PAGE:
At this point, it’s hard to know how we’ll remember 2020 – things like Australia catching on fire and Murder Wasps are already treated as afterthoughts. My hope, if I may express a hope, is 2020 will be remembered as a turning point. After years of cynicism and pessimism, where being skeptical is mistaken for being intelligent, where no one argues for any reason other than to win the argument, is it possible we’re moving towards a new era of earnestness? Watching Padma Lakshmi’s new show, Taste the Nation, I think we just might be.
“Taste the Nation is a show about what connects us as Americans and as human beings,” wrote Lakshmi on an Instagram post to promote the show. “It’s a project I’ve spent years developing. We traveled across the country visiting indigenous and immigrant communities to find out what American food is today.”
Food and identity are deeply intertwined – and what better way to explore those interconnections than to travel through the United States?
Through the show, Lakshmi has a platform beyond the confines of Top Chef to really explore what it means to be an American. Her interviews are casual and heartfelt – they are more like conversations between people than anything else. As she discusses food and cultures, her own identity and experiences are front and center. For example, when discussing Indian comfort food with Preet Bharara, Lakshmi comments “I never knew my kid’s food preferences would affect me so emotionally.” It turns out her daughter doesn’t like lentils, much to Lakshmi’s surprise. “That’s not genetically possible!” she exclaims. It’s both a light-hearted moment, and something much deeper. Lakshmi, as a parent, wants to share something important about her culture with her child who is growing up with a very different cultural experience.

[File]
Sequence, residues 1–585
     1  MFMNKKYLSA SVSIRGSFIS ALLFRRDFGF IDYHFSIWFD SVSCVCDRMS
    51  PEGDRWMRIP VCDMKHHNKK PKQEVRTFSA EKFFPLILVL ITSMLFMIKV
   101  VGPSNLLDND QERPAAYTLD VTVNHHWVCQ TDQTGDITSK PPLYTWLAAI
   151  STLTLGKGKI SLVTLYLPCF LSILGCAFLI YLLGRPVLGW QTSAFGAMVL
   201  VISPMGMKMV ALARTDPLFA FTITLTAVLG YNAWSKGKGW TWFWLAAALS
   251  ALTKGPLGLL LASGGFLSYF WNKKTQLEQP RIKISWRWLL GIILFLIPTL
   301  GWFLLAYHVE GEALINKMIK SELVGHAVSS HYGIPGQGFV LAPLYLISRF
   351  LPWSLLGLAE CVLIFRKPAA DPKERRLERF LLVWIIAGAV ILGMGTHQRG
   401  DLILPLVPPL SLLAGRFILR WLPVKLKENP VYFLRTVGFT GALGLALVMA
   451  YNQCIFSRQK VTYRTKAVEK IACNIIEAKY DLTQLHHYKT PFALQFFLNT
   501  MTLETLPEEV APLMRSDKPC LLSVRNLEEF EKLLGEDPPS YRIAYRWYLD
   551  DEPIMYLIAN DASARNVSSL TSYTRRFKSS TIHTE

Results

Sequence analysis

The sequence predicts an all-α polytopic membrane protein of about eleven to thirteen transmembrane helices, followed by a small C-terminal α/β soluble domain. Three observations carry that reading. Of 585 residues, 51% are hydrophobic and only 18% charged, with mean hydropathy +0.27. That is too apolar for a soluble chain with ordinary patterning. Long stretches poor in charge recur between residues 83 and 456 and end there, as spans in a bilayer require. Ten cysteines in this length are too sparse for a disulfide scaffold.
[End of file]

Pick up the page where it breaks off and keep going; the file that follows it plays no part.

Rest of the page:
Then there’s the episode focused on the Gullah Geechee of South Carolina. The Gullah have preserved their West African cultural heritage, even through slavery. Today, members of the Gullah Geechee work to teach the next generation their language and food in the context of climate change and gentrification. It’s that current struggle and the struggles of the past that make the Gullah Geechee so much a part of the American story. “The thing about it is the culture happens between the healing and the hurt,” comments BJ Dennis, an expert on Gullah cuisine. “That’s where our culture has been made.”
What’s striking about these moments is the directness of their presentation. Lakshmi tells the audience in the intro what the show is about. There’s no hidden agenda, or cynical takes. Taste the Nation is about how America is a complex interconnection of cultures, identities and narratives. Food is something all people have in common, so Lakshmi uses it as a tool to explore our differences as well as our commonalities. She clearly believes food is something all people can gather around and then use as a way to learn about one another. In other words, she’s being earnest. And maybe a little dose of earnestness is what we all need right now.